Our solar system is not just limited to 4 inner rocky planets and the 4 outer gas giants, past all of these worlds the dwarf planet Pluto can be found. At it’s most distant point, Pluto is 4.6 billion miles away from the Earth. Although Pluto is extremely far away, it is not the last world in our solar system. Traveling further into the outer reaches of our solar system reveals many more strange and mysterious objects that have been discovered hiding in the darkness of space. So, let’s travel beyond the icy world Pluto and find out what is lurking at the edge of our solar system.
The Kuiper Belt is a vast ring of icy objects that exist beyond the orbit of Neptune and within this mysterious region many strange little worlds have been discovered, one of which has been named Orcus. Orcus is a possible dwarf planet that meets all of the requirements to be recognized as a dwarf planet. However, it’s status as a dwarf planet is still waiting to be confirmed by the International Astronomical Union.
This small icy world is approximately 570 miles in diameter which makes it smaller than Pluto’s moon Charon but is still one of the larger Kuiper Belt objects discovered so far. Orcus orbits the Sun in a very similar way to Pluto. However, when Pluto is closest to the Sun, Orcus will be at it’s farthest which resulted in Orcus receiving the nickname The Anti-Pluto dwarf planet. At it’s most distant point, Orcus travels as far as 4.4 billion miles away from the Sun but in a few hundred years from now, it will come as close as 2.8 billion miles away because of its elongated orbit. The icy world is named after the Etruscan god of the underworld which is equivalent to the Roman god Pluto.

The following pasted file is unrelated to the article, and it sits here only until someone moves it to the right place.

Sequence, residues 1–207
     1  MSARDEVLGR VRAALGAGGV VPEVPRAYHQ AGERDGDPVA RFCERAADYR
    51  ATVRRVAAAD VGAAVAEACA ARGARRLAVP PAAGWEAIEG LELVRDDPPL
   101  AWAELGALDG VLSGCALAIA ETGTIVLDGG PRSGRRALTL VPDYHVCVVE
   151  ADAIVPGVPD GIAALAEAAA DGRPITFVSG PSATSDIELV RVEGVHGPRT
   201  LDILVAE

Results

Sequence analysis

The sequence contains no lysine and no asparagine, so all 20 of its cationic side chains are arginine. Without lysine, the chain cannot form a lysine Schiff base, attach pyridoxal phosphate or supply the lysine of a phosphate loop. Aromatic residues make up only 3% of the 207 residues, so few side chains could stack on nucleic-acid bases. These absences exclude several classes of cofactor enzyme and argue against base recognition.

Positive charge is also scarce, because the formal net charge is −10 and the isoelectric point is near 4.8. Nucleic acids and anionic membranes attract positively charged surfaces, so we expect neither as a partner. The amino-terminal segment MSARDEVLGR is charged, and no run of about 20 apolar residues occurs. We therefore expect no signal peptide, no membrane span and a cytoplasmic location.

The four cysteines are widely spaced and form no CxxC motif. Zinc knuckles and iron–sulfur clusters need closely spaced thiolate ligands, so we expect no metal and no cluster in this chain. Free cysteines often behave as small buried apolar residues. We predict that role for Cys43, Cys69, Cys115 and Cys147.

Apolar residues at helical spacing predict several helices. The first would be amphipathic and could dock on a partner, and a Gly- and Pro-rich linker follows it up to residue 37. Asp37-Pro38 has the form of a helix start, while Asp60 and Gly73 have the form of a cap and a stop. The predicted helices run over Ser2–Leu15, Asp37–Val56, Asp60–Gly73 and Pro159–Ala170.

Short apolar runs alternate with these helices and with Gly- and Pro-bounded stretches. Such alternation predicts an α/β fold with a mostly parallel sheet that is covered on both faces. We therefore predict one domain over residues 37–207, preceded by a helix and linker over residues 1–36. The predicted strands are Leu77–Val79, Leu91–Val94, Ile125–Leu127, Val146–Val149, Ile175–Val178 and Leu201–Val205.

Because Orcus is so far away, it is difficult to describe its surface in too much detail. However, observations have revealed that the small world is likely made of rock, water ice and methane ice with traces of tholins.
Tholins are organic complex molecules that can cause rich colors such as the deep blood red patch that is visible on Pluto. However, Orcus seems to be more of a neutral color. One interesting feature that can be found on this possible dwarf planet is the presence of crystalline ice which may be an indication of cryovolcanism suggesting that Orcus is capable of sustaining an internal ocean of liquid water.
Much like Pluto, Orcus also has a relatively large moon which has been named Vanth after the Etruscan goddess who guided souls to the underworld. Vanth is estimated to about 295 miles in diameter and was likely captured by Orcus at some point in the past.
If Orcus is confirmed by the International Astronomical Union then Vanth will officially become the third largest known dwarf planet’s moon in the solar system after Pluto’s moon Charon and Eris’s moon Dysnomia.